Increasing Versus Decreasing Footprint

Are you unhappy about Middle Eastern events enough to think deeply about how groups come into conflict? Are you willing to consider that groups come to conflict because one group increases its requirements for resources until its demand for them overlaps the demand created by another group. As a result, one of the two group's must
     a) do without,
     b) more intensively exploit their remaining resources,
     c) "flee to (and maybe fight for) new resources, or
     d) fight to regain lost resources.

If you believe this, then the cause of global problems are described by a mechanism whose inputs are group demands, and whose outputs are conflict (environmental depletion and pollution.)

Consider the possibility that every group in every generation input "increasing demand" into this mechanism. Then the mechanism’s output, global problems, was input into other mechanisms, like religious, political, or economic systems, whose outputs are redistribution and increased productivity.

Notice that the outputs of the second set of mechanisms have no impact on the inputs to the first. That is, a group's demand for resources is the collected demands of its individuals. Redistribution and increased productivity do not change each individual's "demand-creating-behaviors." Our means for managing global problems do not change the group's growth in "total demand." At most they gently retard or advance the inevitable arrival of problems created by the first mechanism.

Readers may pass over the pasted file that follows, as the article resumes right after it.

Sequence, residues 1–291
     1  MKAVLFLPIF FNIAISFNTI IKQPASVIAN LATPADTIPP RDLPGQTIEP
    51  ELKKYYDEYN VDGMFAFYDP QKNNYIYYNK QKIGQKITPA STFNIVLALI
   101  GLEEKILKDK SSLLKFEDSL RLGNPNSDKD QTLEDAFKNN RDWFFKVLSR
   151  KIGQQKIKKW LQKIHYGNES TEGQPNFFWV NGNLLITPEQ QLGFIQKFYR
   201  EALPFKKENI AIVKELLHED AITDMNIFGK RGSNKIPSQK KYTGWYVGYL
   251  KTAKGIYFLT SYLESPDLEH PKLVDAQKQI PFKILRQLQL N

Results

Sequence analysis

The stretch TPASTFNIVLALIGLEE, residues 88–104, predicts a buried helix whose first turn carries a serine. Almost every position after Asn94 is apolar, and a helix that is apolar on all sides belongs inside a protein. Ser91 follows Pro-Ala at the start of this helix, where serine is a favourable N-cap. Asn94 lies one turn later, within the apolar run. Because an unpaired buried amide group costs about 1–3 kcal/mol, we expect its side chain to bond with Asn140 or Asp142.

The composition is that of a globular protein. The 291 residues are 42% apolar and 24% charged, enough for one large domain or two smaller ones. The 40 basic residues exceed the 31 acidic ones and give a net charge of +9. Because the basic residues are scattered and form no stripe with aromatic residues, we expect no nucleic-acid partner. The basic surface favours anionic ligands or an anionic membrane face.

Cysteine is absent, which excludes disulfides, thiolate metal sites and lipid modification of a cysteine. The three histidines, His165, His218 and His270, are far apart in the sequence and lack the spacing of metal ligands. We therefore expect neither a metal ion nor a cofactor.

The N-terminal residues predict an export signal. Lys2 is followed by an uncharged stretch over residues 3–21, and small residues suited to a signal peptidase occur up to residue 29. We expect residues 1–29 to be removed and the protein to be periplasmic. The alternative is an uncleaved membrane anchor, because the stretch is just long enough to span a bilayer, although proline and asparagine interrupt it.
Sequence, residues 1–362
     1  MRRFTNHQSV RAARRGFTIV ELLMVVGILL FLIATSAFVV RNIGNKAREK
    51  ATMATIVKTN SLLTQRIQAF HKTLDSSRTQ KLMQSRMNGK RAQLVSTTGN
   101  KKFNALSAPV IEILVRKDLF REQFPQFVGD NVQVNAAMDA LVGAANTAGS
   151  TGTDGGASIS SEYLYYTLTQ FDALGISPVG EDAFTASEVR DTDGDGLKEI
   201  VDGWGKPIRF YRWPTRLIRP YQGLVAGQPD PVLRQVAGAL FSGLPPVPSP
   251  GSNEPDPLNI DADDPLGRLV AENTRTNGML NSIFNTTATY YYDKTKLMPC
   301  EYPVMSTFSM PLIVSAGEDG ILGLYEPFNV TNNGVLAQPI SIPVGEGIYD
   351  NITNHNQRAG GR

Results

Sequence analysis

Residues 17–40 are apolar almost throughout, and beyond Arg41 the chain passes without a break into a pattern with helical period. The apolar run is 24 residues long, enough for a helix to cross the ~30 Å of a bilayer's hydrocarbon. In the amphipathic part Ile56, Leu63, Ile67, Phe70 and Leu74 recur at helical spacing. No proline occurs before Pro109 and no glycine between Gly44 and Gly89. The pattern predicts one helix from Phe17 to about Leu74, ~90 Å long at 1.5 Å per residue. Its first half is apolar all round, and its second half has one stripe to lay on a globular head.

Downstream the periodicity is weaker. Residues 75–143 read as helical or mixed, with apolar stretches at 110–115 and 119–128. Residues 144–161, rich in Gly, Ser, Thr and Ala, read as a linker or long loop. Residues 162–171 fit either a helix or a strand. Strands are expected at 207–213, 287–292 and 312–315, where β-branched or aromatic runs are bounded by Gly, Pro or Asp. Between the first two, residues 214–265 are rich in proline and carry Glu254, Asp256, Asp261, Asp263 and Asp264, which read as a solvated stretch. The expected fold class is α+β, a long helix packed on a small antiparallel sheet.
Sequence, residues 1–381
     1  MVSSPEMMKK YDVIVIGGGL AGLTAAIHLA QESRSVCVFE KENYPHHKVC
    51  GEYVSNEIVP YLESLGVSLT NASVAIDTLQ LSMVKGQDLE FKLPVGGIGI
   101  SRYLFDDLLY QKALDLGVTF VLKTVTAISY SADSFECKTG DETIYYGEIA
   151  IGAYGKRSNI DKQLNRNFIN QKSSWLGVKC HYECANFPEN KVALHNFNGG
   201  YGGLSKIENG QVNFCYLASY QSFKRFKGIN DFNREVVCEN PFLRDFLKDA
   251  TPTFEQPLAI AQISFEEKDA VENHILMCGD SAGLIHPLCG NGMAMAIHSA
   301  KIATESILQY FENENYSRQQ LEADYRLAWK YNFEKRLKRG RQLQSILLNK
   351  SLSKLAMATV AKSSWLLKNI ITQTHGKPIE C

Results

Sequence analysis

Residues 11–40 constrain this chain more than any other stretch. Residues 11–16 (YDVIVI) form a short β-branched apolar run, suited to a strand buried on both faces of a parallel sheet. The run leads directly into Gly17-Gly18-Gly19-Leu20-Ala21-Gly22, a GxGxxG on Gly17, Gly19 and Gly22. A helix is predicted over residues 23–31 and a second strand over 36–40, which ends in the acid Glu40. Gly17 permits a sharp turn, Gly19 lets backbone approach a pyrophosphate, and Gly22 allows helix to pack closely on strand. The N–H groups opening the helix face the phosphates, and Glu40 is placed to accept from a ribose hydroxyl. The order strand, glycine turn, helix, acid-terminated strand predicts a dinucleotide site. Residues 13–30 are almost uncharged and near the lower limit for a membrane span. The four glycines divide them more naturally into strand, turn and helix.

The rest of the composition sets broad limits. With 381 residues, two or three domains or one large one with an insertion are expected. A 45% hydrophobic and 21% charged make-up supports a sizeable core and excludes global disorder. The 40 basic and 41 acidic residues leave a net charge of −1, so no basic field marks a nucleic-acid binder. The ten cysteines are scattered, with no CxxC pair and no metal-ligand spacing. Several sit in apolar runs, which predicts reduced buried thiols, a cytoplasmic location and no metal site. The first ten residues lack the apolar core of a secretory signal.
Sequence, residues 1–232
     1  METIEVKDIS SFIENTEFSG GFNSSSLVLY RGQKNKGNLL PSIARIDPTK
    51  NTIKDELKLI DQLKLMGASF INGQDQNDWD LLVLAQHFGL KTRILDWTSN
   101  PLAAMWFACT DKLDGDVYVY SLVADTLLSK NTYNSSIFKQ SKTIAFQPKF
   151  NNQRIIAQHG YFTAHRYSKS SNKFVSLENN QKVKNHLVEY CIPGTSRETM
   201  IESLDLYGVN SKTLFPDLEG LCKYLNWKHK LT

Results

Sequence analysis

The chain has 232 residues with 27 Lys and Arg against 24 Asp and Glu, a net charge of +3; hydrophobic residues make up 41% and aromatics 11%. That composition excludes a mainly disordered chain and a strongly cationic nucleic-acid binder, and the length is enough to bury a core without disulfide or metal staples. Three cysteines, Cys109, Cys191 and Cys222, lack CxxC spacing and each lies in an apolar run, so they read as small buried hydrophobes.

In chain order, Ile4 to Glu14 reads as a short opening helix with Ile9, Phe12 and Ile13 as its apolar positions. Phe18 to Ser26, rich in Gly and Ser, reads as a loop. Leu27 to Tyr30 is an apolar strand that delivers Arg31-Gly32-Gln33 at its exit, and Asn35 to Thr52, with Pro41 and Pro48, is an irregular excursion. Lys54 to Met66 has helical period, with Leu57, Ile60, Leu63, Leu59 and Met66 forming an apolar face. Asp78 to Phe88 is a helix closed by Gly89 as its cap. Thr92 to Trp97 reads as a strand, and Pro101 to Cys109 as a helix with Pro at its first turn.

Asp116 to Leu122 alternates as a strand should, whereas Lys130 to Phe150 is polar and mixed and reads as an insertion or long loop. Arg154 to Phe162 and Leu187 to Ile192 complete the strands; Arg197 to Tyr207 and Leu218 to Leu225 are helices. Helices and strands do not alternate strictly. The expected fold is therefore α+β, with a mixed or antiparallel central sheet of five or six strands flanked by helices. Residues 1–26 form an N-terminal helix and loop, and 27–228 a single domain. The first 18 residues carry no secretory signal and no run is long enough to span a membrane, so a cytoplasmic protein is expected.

Reversing the normal output of the first mechanism, that is sending the group toward peace, abundance, and a cleaner environment, requires the group's demand for resources decrease over time.

If only sixth grade math is required to prove the above argument: "Why is such analysis not performed and believed by each person who has successfully completed sixth grade?" Why does it appear that individuals have not made such analysis, or have not heard of such analysis? Why does it appear that political or religious codes do not coerce acts that reflect such analysis? Certainly, it appears that few individuals take behaviors that shrink the group's requirements for resources.

The two mechanisms taken together suggest: "Populations must contract enough each year, that even with per capita increases, the group's total demand for resources decreases. The "demand - decreases" that reverse the trends toward conflict, depletion, and pollution, require everyone to limit themselves to at most one child per family."

I can hear the chorus. "We have had smaller populations and they had the same problems. Why does the writer think a smaller population will stop the problems?" I did not say "a smaller population" would stop conflict. I said, a "declining" population would stop conflict." As long as people are not willing to give up hopes of a better life, A husband and a wife have to give up their desire to replace themselves with 2 children. Believing they can have both replacement and improvements in well-being without having an increase in load on the environment is a myth.

A reduction of population, at a rate of "half-every-generation," can not go on forever. No humans would exist. But to resolve the "growth-to-conflict" problem it must go on (universally among 6 billion people) until two criteria are met. 1) The demand for resources, human beings place on the environment, is easily within the world's capacity. And 2) the social value of every individual exceeds cost of fulfilling his material needs.

That is the value of a living individual must exceed the value of the resources required to support him or her at the level to which he or she requires.

Even when this balance is approached and replacement children are allowed, each generation will have to decide how it will adjust for increases in longevity, new spikes in consumptive patterns, and exhaustion of non renewable resources.


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